Coast Dental Blog
How to Get Your Kids to Brush Their Teeth
Sometimes, it can be frustrating to be a parent. It’s the end of the day, your kids are tired and it’s time to get ready for bed. But when you tell them it’s time to brush their teeth, they clamp their jaws shut and shake their heads with that look that clearly says, "No way!"
Don't despair. Whether your child is a wriggler, a screamer, or a stubborn I-will-not-brush-my-teeth-er, there are some time-proven ways to get your child to open up, brush their teeth and let you check them.
One piece of advice: Make it fun. Sing songs. Make up silly games. Call brushing 'getting the sugar bugs out.' Tell your children, 'Oh! I see a sugar bug right there! Let’s get it!' That usually gets kids laughing and excited about brushing their teeth.
Another way to encourage children to brush is to lead by example. Keep your adult toothbrush in the kids’ bathroom so you can brush and floss at the same time as your children. That way, you’re teaching good habits.
"It’s very important kids learn to brush their own teeth," said Kim Runyon, a Regional Hygiene Administrator for Coast Dental in Florida. "Give young children a toothbrush and let them play with it, even without toothpaste. Then make sure you brush their teeth correctly afterward. You should supervise your children's brushing until they’re at least 8 or 9."
If your child needs help, stand behind the child and reach around and brush her teeth for her so she can see what you're doing in the mirror. If your child is Mr. Independent and refuses to let you brush his teeth, add a plaque-disclosing mouth rinse. That will color the areas that the child missed and then you can have him brush those areas. You can get a rinse from your dentist or at many grocery stores and drug stores.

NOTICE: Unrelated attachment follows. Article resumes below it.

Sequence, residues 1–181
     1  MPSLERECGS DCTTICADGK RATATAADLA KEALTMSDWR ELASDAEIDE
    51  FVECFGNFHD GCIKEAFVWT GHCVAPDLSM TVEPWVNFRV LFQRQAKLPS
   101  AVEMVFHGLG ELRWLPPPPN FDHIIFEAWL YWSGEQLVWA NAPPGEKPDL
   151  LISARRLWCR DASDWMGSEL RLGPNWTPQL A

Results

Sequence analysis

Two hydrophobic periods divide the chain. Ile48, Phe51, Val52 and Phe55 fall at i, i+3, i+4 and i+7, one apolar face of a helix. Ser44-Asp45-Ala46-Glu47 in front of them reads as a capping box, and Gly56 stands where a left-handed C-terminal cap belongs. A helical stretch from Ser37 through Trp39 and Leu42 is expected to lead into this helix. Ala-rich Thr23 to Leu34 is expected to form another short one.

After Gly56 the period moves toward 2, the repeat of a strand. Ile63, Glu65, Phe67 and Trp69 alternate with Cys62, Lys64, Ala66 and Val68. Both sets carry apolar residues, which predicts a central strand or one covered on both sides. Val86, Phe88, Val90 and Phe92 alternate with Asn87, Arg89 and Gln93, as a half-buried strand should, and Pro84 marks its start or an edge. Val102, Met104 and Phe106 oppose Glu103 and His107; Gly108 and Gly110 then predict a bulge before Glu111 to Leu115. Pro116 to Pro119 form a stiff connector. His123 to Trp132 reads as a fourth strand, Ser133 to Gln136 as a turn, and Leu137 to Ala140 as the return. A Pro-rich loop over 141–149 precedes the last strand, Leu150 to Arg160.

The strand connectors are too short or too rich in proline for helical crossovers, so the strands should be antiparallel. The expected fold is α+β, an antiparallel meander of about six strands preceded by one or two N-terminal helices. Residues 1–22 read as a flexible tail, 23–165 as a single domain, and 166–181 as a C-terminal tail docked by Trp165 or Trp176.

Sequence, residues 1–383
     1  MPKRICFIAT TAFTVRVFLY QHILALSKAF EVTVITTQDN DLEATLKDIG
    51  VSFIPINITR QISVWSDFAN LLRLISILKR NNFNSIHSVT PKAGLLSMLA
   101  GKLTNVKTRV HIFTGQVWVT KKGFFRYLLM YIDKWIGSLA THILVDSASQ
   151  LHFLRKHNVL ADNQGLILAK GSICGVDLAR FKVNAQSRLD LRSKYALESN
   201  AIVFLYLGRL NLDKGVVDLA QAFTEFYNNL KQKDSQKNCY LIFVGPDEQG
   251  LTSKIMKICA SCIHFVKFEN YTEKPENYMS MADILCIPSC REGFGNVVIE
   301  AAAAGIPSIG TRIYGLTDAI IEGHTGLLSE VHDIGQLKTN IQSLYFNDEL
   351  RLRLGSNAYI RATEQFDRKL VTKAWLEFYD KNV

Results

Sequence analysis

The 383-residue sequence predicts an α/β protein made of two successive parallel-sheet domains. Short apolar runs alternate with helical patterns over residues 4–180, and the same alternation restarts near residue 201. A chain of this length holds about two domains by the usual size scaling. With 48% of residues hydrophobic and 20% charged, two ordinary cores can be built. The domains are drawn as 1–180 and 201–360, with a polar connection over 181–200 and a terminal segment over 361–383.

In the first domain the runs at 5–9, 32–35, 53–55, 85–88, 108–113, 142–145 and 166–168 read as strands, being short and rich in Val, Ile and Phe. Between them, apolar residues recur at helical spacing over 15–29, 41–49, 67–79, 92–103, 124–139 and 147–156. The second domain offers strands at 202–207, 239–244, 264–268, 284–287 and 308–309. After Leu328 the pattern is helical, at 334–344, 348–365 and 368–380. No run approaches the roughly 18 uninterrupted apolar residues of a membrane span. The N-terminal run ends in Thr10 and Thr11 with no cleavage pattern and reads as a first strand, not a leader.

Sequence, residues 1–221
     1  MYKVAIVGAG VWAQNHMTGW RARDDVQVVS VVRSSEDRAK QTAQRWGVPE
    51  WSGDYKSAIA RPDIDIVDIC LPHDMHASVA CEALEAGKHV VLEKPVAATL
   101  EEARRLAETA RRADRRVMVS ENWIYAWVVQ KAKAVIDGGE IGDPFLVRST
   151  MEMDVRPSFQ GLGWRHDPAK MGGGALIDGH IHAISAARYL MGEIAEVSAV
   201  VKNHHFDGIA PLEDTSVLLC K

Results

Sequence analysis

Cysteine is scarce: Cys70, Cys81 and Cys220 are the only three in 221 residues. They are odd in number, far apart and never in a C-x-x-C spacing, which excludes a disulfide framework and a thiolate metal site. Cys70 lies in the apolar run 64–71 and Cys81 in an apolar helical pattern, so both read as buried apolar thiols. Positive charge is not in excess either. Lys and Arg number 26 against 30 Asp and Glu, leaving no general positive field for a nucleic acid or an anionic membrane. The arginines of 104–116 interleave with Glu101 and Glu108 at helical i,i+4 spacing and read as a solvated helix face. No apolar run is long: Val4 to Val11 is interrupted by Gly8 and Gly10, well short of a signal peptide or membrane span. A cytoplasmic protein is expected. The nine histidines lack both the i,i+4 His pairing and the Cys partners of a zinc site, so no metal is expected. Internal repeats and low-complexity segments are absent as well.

We asked our followers on our Coast Dental Facebook page and Twitter page for their ideas. One said after her daughter is done brushing, she tells her the "mommy dentist" needs to inspect her teeth. The mom will compliment her 3-year-old's efforts by saying, "You did an excellent job cleaning the back of your teeth," or “Good job scrubbing your tongue. Your breath smells so fresh!"
Another mom says the key to success for her kids was letting them pick out their own toothbrushes and toothpastes featuring cartoon characters they liked. Several parents sing silly songs to keep their kids brushing for two minutes, and one mom even sets a timer so the kids know exactly how long to brush. At the end of the week, she'll give a prize for brushing correctly. Another parent recommends using a sticker chart.
Don't forget the floss. As soon as two baby teeth touch each other, you need to floss between them or bacteria and food can create cavities. You can buy child-sized flossers at many supermarkets. It's important that you supervise the flossing, though, and if you see any bleeding or puffiness around the gums, make an appointment to bring your child to the dentist to make sure he or she doesn’t have gingivitis or another stage of gum disease.
Kids, just like adults, should floss once a day and brush twice a day. However, if your child eats breakfast at school and doesn't have time to brush before class, encourage the child to stop by the water fountain and swish some water to rinse away food debris. Packing apples, carrots or celery in your kids' lunchboxes will also help; these crunchy fruits and vegetables help keep the teeth clean. Sugar-free gum is another option. It will help generate saliva to wash away bacteria, although you may need to check with the school to confirm chewing gum is allowed on campus.
If all else fails, then follow the advice of this mother who wrote on our Facebook page. "My teen didn’t want to brush anymore so my awesome mom pulled her denture out and said you wanna look like this? (My daughter) ran so fast for her InteliSonic, I wish I had recorded it."
No matter how you get the message across, the important thing is to instill great oral hygiene habits that will last a lifetime!
Written by: Beth Gaddis
Reviewed by: Diaa Ghabbour, DMD
Reviewed by: Chuck Laun, DDS